Want doctors to read the alerts they receive in their electronic health records systems? Then make them more patient-specific and interesting to read.
That's the skinny from a recent study published in the Journal of the American Medical Informatics Association. The study focused on the use of computerized drug alerts for psychotropic drugs prescribed to 5,628 senior citizens by 81 physicians. The researchers expected computerized alerts to reduce the number of falls by these seniors, which is a leading cause of injuries. However, physicians overrode most drug alerts because they believed that the benefit of the drugs outweigh the risks involved. Physicians also expressed a concern that too many drug alerts were "nuisance alerts" of little clinical value.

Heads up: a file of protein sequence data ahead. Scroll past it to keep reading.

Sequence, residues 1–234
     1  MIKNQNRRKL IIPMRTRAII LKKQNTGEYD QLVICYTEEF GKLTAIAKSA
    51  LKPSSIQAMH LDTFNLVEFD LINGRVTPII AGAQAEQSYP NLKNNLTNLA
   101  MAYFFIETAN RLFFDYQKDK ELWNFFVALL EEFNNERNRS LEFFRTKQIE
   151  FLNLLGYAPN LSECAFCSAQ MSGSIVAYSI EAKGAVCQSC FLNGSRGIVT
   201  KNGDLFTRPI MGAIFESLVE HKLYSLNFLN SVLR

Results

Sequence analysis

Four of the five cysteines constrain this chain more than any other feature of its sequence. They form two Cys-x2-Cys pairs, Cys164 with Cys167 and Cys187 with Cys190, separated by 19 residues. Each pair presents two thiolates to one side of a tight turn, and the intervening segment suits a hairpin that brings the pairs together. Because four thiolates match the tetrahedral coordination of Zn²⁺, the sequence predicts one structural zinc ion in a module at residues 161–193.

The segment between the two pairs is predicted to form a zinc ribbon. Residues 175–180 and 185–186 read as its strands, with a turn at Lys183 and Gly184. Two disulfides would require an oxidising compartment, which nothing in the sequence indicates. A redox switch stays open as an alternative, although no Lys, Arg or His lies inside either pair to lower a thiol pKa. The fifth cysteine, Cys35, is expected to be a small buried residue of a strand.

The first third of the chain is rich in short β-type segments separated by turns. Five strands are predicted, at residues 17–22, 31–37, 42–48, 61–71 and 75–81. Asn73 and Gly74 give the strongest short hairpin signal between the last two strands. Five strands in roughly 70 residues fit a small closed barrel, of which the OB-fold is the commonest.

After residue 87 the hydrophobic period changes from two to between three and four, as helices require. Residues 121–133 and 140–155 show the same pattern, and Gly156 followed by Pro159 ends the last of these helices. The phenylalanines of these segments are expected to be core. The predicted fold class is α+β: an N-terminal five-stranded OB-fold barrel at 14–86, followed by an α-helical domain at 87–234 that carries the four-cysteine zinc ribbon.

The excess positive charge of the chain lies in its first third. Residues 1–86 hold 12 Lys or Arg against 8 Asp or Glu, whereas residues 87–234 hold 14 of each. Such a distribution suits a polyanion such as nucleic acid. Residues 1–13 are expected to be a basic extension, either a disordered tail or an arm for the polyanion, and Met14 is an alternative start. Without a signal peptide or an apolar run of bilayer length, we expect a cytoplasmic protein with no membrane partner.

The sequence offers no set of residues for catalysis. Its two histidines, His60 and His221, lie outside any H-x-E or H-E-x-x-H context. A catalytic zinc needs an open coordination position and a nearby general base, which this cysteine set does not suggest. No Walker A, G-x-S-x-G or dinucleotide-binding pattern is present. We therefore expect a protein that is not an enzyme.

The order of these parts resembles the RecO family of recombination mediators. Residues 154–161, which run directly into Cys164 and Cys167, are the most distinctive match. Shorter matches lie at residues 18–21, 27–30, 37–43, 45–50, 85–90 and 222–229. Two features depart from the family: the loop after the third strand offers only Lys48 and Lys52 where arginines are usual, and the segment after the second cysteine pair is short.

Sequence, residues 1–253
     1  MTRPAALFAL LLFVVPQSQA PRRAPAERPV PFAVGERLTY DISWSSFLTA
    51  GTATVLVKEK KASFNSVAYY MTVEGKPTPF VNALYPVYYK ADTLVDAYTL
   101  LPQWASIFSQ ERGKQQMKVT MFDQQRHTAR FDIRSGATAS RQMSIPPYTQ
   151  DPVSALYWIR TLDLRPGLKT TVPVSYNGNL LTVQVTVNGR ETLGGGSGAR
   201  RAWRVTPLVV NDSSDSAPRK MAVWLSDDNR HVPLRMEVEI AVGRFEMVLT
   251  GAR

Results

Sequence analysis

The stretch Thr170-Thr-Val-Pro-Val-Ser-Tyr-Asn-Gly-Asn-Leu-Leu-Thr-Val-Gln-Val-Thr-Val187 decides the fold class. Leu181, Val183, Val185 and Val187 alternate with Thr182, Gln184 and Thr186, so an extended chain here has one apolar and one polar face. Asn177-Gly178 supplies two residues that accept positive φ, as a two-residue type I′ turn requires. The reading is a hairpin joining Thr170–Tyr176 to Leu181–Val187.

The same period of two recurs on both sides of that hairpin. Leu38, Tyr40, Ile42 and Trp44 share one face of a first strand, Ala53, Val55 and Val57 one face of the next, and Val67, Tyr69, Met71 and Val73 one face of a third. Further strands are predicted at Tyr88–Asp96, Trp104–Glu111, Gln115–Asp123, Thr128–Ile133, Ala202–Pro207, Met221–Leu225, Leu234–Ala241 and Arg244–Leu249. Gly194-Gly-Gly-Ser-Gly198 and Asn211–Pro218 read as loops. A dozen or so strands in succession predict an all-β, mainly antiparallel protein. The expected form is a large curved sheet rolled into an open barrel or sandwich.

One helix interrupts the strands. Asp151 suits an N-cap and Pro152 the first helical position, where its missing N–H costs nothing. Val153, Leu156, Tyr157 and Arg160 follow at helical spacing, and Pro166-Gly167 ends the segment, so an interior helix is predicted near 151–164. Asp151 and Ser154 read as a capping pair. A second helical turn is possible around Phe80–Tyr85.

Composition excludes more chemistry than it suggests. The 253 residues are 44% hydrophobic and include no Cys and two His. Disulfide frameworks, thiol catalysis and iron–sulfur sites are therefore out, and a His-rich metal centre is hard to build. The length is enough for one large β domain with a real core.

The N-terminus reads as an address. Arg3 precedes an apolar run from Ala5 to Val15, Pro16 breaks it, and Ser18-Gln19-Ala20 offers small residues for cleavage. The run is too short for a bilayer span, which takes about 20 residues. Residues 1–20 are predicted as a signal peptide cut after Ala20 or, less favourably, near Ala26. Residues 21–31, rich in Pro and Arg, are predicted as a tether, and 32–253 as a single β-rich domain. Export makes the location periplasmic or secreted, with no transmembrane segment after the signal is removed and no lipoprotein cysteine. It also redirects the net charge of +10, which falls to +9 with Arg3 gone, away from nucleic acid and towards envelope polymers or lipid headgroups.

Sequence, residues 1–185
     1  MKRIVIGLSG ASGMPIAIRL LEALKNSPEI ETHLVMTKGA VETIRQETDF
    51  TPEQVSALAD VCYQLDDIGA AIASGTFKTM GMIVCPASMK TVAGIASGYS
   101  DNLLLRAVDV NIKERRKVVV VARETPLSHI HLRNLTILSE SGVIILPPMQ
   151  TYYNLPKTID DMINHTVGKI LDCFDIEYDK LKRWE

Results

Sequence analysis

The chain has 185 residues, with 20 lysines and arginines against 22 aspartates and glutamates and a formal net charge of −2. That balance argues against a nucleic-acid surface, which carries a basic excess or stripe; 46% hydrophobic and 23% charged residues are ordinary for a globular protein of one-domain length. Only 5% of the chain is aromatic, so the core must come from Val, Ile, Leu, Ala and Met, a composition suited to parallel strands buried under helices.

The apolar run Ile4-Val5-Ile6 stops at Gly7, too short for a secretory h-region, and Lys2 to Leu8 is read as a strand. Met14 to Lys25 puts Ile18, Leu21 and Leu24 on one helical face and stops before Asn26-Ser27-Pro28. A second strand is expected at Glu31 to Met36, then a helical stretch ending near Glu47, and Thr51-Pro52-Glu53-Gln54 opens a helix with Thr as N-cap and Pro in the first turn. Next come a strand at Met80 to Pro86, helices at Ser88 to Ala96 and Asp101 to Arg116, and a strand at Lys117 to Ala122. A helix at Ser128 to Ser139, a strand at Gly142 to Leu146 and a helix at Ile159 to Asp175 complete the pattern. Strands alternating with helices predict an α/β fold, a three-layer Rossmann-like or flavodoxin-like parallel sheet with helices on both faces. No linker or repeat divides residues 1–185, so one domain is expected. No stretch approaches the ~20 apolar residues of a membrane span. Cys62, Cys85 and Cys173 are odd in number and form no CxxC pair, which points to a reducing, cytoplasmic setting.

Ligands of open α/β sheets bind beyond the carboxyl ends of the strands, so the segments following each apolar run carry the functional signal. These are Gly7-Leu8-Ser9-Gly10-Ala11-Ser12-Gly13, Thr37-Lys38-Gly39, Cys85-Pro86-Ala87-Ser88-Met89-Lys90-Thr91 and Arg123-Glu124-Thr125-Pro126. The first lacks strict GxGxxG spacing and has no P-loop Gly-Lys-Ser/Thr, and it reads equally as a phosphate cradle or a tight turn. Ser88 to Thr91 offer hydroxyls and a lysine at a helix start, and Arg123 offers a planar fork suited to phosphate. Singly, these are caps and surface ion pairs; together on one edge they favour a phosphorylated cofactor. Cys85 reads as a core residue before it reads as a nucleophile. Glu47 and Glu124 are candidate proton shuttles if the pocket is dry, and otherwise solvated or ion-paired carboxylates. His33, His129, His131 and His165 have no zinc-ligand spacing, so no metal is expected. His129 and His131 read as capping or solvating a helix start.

The researchers created more patient-specific alerts for seniors on these drugs, estimating the risk of injury from falling using factors such as the patient's injury history, type and dose of psychotropic drug, presence of cognitive impairment, gait and balance. The improved alert showed both numerically and graphically on a "risk thermometer" how much risk the patient may be of falling; changes in the patient's risk from therapy changes--say, from a reduction in dosage--was reflected on the thermometer.
The "new generation" of drug alert worked: the physicians opened more than 83 percent of the alerts and the physicians modified the therapy in nearly one-fourth of them, reducing the risk of injury by 1.7 injuries per 1,000 patients.
"Individual risk estimates displayed graphically and numerically are a more effective method of eliciting response to drug alerts and reducing the risk of medicine-related injuries in higher-risk seniors," the authors noted.
To learn more:
- here's the abstract of the JAMIA study